The assassination of Julius Caesar and “the ides of March”

Today, On March 15, 44 BC, the founder of the Roman Republic and the rise of Roman Empire, Julius Caesar was assassinated and killed by members of the Roman Senate. The world`s most famous political murders.

Caesars second heir were among the assassins. There were totally as many as sixty assassins. Caesar was stabbed twenty-three times and died at the base of Pompeys statue, but the assassins made a big mistake.

They didnt know what to do after Caesars death.




They didnt have a plan, so they mistakenly allowed Marcus Antonius (Mark Antonio), who was Caesars cousin and right-hand man, to live. Caesar`s death is a key moment in history. It all resulted in a cycle of civil wars, which resulted in one of the most significant constitutional transformations in history.

They went from a republican system of government and became an empire. Supporters of the Republic point to how it threw off the tyrannical king Tarquin the Proud and introduced elements of democracy.

It became popular also in Italy, France, Spain, Greece, Macedonia, Syria, Libya, Egypt, Turkey and Tunisia.

Julius Caesar was born 12 July 100 BCE. His father was a Praetor who governed the province of Asia and his mother was of noble birth. Both held to the popular ideology of Rome which favored democratization of government and more rights for the lower class as opposed to the optimates factions` claim of the superiority of the nobility and tradition Roman values which favored the upper classes.

It should be understood that the Optimate and the Populare were not political parties in conflict with each other but, rather, political ideologies which many people shifted toward and from, regardless of class in society.

The concept of appealing to the people for support, rather than seeking approval from the Roman Senate or the other Patricians, would work well for Caesar later in life.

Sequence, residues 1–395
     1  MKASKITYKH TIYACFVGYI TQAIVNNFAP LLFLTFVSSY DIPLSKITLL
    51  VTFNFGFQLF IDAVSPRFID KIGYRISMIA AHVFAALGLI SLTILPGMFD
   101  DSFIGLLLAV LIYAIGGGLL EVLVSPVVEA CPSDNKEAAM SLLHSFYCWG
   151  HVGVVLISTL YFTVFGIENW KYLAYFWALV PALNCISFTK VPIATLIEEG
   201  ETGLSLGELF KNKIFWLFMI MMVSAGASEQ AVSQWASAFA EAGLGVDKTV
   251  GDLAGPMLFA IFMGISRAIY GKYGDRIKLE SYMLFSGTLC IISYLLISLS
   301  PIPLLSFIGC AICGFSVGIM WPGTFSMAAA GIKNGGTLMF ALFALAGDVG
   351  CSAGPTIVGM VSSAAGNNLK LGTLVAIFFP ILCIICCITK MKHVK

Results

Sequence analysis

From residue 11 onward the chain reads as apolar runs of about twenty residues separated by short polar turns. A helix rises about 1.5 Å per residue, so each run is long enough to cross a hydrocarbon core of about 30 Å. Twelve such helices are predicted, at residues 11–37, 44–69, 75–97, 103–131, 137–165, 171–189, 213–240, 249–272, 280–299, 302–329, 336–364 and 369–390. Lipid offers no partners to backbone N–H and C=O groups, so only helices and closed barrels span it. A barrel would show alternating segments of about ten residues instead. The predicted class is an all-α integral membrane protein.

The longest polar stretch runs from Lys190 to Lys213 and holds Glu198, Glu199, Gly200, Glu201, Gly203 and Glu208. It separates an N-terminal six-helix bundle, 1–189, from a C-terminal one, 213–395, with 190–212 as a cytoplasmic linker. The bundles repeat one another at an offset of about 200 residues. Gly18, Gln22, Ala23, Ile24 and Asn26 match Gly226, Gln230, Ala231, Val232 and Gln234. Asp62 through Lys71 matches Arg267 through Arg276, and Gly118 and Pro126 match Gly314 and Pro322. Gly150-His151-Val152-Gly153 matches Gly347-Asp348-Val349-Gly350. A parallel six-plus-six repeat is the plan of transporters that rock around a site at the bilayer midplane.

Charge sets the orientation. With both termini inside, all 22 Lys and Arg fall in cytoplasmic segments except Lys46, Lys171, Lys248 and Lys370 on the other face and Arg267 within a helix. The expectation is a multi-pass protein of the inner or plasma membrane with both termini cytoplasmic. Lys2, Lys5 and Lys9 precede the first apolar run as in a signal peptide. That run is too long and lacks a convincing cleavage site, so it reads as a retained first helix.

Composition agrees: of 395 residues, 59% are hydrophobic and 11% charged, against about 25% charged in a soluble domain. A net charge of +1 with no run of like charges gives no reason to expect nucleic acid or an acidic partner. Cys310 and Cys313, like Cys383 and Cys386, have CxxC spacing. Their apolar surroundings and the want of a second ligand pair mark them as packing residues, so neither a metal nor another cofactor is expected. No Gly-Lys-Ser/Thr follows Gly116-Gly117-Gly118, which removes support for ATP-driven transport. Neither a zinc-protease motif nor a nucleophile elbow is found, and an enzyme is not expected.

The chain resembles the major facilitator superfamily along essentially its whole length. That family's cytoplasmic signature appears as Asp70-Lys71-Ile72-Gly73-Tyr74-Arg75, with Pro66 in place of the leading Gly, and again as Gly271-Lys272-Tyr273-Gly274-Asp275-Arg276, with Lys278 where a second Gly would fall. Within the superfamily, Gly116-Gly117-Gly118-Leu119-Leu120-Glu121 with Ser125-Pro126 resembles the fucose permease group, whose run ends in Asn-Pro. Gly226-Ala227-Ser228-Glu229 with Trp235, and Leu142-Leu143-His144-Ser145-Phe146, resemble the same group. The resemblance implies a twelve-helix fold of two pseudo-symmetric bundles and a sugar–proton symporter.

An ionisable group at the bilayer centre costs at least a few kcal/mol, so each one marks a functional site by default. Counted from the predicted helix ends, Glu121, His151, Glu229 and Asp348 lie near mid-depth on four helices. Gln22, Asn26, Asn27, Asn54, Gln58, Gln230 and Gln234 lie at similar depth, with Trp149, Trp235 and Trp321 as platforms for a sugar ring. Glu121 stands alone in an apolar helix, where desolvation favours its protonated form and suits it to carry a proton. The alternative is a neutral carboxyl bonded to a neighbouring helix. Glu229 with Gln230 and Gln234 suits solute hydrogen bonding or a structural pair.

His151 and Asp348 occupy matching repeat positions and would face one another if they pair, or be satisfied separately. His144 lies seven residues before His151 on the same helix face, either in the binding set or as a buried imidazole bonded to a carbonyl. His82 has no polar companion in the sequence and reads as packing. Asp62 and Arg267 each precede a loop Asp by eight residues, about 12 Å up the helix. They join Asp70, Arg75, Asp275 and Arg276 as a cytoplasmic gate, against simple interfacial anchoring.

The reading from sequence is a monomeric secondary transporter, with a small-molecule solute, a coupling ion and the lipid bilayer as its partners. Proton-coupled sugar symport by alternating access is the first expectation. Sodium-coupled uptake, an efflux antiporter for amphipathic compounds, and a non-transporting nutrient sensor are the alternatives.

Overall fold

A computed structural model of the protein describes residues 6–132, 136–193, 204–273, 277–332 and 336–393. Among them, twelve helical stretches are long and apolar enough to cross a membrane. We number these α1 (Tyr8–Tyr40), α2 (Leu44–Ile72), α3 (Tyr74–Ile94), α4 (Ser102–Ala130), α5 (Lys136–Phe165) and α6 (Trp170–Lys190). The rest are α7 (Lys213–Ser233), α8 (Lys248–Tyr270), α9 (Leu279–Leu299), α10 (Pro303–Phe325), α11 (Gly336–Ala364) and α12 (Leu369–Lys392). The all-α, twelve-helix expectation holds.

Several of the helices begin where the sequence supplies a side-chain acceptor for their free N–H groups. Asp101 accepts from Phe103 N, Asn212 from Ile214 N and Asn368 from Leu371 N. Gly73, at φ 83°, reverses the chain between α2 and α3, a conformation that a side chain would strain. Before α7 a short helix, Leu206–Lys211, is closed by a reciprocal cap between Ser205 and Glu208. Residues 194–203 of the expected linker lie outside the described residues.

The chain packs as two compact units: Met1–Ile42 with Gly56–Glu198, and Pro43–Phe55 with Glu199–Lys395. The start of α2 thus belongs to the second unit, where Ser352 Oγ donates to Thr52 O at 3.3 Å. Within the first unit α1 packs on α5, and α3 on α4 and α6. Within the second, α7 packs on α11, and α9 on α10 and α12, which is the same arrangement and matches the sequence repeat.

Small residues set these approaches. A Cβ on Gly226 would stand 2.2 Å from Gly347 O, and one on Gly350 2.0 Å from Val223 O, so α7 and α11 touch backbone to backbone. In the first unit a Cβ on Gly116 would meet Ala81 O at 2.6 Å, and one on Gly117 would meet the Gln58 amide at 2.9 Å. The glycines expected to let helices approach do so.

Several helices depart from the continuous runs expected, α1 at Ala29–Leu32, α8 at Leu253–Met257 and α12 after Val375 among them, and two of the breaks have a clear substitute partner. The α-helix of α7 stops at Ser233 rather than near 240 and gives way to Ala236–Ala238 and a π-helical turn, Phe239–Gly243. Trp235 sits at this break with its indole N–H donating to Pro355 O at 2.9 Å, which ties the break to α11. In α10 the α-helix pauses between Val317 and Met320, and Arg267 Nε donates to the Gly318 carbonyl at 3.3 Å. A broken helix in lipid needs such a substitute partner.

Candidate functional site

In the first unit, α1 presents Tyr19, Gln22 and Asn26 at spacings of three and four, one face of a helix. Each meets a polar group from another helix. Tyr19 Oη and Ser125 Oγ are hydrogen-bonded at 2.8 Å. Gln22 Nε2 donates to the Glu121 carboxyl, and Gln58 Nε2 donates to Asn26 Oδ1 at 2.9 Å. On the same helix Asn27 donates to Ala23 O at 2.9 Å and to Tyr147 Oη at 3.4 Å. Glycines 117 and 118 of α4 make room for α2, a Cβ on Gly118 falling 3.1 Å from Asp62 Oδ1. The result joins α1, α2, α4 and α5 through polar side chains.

Gaius Julius Caesar was Roman statesman, general, and notable author of Latin Prose. Caesar was extremely talented in many ways which is very unusual. He was a military colossus, compelling writer, original thinker, magnetic orator, dynamic reformer and magnanimous politician.

He was also narcissistic, manipulative, egotistical, sexual predatory, shockingly savage in war even by Roman standards, and monomaniacal obsessed with acquiring absolute power for himself. Caesar is considered by many historians to be one of the greatest military commanders in history.

Thanks to William Shakespeare, «Beware the ides of March» means that people always remember March 15.

In 60 BC, Caesar, Crassus and Pompey formed a political alliance that dominated Roman politics for several years. Their attempts to amass power through populist tactics were opposed by the conservative ruling class within the Roman Senate.

Caesars victories in the Gallic Wars, completed by 51 BC, extended Romes territory to the English Channel and Rhine. Caesar became the first Roman general to cross both when he built a bridge across the Rhine and conducted the first invasion of Britain.

These achievement granted him unmatched military power and threatened to eclipse the standing of Pompey, who had realigned himself with the Senate after the death of Crassus in 53 BC. With the Gallic Wars concluded, the Senate ordered Caesar to step down from his military command and return to Rome.